Utilizing new space commercial development, licensing, and operations practices, X-60A is envisioned to provide the Air Force, other U.S. Government agencies, and industry with a platform to more rapidly mature technologies.

The X-60A rocket vehicle propulsion system is the Hadley liquid rocket engine, which utilizes liquid oxygen and kerosene propellants. The system is designed to provide affordable and regular access to high dynamic pressure flight conditions between Mach 5 and Mach 8.

This is the first Air Force Small Business Innovative Research program to receive an experimental “X” designation.

Featured image: An artist’s sketch of an X-60A launch.

This article originally appeared on the United States Air Force. Follow @usairforce on Twitter.

Articles

Popeye the Sailor Man was originally Popeye the Coast Guardsman

This may seem like blasphemy to some, but Popeye started his professional career as a civilian mariner and then Coast Guardsman. The famous sailor did join the Navy, but as of 1937, Popeye was firmly in the Coast Guard. A two-reel feature titled Popeye the Sailor meets Ali Baba’s Forty Thieves introduces Popeye serving at a Coast Guard station. The sailor man’s creator did not live to see the United States enter World War II, but it was in 1941 that his creation joined the Navy and the legend of Popeye the rough and tumble U.S. Navy sailor was born.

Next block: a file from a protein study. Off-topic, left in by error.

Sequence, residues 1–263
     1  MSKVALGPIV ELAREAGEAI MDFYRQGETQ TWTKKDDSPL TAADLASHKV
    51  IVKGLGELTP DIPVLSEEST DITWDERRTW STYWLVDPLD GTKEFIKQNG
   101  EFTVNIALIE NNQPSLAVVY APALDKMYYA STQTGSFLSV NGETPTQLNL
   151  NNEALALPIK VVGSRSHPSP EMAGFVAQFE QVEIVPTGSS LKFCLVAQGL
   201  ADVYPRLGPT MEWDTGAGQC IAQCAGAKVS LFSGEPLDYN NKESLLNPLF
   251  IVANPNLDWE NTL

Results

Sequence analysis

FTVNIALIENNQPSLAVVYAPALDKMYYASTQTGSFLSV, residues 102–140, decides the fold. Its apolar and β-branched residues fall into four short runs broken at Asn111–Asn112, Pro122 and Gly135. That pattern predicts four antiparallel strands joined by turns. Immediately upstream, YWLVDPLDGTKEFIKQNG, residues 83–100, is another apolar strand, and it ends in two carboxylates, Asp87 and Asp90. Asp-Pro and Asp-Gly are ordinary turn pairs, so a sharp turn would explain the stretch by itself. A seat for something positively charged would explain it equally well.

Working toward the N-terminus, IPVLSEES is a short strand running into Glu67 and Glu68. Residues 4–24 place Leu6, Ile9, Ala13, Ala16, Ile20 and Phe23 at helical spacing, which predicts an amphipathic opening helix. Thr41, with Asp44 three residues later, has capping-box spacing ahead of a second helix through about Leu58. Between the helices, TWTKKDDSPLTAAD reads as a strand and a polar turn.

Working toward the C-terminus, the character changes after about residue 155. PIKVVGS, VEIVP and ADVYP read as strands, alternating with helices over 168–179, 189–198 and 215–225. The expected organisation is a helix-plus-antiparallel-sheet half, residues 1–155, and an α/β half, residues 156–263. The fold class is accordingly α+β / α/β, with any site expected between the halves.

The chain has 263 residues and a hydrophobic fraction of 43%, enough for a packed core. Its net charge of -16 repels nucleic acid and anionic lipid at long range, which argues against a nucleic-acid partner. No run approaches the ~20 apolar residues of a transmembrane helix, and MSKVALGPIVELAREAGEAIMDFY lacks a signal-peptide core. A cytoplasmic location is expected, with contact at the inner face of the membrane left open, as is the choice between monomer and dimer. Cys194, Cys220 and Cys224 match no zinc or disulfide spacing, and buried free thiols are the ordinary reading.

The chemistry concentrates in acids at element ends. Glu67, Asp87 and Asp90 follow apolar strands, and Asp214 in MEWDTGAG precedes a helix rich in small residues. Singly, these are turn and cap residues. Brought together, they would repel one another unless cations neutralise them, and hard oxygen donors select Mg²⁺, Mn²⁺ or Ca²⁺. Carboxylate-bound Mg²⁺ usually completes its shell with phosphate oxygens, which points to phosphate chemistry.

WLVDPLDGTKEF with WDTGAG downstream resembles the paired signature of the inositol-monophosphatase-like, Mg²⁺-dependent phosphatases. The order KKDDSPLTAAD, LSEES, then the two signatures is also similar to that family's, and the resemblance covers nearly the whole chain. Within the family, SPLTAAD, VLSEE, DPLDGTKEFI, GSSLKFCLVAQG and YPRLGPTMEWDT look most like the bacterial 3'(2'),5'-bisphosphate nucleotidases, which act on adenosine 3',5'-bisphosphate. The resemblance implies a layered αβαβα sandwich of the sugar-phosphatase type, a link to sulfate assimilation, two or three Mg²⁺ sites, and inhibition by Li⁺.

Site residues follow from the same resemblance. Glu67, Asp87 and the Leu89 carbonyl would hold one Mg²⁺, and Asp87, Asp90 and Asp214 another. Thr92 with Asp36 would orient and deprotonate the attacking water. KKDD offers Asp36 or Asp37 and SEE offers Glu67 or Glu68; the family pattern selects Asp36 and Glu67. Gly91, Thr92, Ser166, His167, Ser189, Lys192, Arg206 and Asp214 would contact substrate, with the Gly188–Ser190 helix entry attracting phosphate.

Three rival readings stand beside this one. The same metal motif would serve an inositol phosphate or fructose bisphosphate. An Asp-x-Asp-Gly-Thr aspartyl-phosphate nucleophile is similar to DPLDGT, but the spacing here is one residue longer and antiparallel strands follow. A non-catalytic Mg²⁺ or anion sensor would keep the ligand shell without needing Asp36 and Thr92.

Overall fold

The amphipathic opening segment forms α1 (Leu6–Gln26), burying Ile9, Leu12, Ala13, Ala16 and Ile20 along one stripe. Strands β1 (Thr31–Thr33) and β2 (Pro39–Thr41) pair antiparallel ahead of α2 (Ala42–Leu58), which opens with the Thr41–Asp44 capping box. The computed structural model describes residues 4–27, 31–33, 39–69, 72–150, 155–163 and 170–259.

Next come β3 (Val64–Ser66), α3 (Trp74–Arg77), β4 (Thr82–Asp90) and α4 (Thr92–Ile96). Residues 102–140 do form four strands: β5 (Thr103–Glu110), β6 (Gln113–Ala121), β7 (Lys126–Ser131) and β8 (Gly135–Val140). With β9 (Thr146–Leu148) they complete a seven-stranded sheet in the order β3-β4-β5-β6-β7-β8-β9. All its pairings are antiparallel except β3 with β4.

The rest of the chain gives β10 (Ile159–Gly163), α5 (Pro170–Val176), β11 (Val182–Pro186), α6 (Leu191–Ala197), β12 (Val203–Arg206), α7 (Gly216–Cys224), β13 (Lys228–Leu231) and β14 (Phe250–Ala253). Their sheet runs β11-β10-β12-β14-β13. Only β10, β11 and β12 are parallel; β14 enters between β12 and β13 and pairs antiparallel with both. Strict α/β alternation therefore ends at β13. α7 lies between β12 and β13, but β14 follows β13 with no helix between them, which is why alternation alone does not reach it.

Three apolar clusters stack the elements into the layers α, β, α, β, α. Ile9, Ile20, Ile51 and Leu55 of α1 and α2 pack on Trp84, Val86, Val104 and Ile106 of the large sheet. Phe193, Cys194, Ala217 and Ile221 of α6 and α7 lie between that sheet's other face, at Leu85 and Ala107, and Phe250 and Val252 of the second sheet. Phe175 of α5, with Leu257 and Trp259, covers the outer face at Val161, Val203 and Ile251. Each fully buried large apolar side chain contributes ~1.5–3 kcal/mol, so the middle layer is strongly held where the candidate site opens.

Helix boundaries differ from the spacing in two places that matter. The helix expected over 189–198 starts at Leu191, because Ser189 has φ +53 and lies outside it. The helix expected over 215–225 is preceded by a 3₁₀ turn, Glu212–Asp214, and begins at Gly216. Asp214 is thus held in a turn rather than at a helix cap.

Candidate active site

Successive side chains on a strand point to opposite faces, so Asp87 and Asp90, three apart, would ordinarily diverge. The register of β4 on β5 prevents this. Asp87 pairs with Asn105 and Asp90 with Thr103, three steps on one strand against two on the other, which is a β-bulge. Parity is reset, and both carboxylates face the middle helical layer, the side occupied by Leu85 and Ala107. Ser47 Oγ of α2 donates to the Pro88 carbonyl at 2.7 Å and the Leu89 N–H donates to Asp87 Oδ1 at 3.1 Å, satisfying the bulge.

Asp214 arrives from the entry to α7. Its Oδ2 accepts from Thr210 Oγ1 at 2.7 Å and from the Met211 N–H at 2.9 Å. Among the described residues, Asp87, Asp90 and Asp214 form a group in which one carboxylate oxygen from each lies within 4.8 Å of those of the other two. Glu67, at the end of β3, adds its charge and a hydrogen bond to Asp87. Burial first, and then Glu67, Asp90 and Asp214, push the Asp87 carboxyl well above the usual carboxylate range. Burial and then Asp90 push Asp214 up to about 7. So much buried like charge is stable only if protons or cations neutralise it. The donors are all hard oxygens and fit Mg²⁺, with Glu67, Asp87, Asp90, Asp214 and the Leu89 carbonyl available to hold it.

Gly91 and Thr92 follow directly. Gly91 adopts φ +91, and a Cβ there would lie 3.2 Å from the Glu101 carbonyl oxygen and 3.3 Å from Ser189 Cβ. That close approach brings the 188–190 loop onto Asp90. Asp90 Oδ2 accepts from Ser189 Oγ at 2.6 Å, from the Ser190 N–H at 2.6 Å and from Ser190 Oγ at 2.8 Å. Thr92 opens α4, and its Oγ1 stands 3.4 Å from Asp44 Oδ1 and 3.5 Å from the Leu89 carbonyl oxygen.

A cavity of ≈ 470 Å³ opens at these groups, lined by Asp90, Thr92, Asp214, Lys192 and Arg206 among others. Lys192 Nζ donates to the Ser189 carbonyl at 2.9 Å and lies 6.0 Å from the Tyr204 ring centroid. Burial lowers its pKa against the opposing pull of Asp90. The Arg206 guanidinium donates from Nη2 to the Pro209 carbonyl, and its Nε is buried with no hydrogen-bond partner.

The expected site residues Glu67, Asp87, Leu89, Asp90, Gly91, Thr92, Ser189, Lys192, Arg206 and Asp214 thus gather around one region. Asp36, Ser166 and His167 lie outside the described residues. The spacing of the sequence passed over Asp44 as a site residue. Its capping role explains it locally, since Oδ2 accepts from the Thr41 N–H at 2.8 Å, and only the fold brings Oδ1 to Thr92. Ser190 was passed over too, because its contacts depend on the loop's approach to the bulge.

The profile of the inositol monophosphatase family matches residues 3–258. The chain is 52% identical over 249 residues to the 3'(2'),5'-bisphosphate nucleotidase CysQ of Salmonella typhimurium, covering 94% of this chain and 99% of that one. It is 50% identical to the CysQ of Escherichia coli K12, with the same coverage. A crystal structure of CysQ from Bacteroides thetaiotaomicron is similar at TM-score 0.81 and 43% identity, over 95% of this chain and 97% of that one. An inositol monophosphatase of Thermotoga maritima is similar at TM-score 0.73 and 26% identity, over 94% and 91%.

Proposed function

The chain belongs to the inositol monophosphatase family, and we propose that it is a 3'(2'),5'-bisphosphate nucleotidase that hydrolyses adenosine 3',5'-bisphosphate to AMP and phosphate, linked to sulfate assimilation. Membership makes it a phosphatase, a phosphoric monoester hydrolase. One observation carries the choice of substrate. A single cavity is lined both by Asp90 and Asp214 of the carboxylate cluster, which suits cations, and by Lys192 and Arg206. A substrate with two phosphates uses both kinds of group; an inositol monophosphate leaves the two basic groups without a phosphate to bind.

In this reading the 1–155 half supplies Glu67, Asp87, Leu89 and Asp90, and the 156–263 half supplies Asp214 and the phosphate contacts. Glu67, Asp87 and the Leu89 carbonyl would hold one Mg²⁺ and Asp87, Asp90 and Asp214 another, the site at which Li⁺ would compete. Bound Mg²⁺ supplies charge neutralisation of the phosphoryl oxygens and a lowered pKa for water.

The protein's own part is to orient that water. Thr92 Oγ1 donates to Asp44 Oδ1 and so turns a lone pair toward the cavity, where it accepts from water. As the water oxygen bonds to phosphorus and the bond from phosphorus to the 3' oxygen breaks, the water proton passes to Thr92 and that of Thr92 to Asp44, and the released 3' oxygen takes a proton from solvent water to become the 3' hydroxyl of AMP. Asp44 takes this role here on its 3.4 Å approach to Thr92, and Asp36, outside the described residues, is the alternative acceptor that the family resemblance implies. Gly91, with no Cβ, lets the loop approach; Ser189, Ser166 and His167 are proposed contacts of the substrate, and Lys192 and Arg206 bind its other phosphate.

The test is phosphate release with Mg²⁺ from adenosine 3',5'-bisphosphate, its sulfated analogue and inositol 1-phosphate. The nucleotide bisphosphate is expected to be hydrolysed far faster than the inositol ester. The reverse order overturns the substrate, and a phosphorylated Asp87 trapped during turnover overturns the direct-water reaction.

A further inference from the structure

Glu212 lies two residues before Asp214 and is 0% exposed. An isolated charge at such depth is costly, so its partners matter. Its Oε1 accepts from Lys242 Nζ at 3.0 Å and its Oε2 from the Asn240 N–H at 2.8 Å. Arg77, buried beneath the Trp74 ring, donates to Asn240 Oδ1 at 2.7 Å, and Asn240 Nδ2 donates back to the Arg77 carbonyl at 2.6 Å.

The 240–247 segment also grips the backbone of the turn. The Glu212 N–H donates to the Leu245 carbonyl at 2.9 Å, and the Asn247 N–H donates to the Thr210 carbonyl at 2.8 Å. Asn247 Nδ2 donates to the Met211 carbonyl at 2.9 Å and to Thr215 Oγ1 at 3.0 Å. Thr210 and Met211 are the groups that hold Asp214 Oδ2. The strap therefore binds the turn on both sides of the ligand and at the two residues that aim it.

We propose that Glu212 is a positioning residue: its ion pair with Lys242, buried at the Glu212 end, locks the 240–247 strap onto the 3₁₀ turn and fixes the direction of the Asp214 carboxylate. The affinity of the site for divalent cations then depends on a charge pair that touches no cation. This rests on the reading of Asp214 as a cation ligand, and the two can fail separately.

Only 55% of Americans know what Memorial Day is about

Popeye the Sailor meets Ali Baba’s Forty Thieves wasn’t Popeye’s first feature. He started life as a character in the comic strip Thimble Theater in 1929, a comic actually centered around his off-and-on girlfriend, Olive Oyl. When it became obvious that Popeye was the real star, he made a jump to feature films. In the aforementioned 1937 film is when we see Popeye in the Coast Guard, on guard duty and deploying to intercept “Abu Hassan” (aka Bluto), who is terrorizing the Middle East.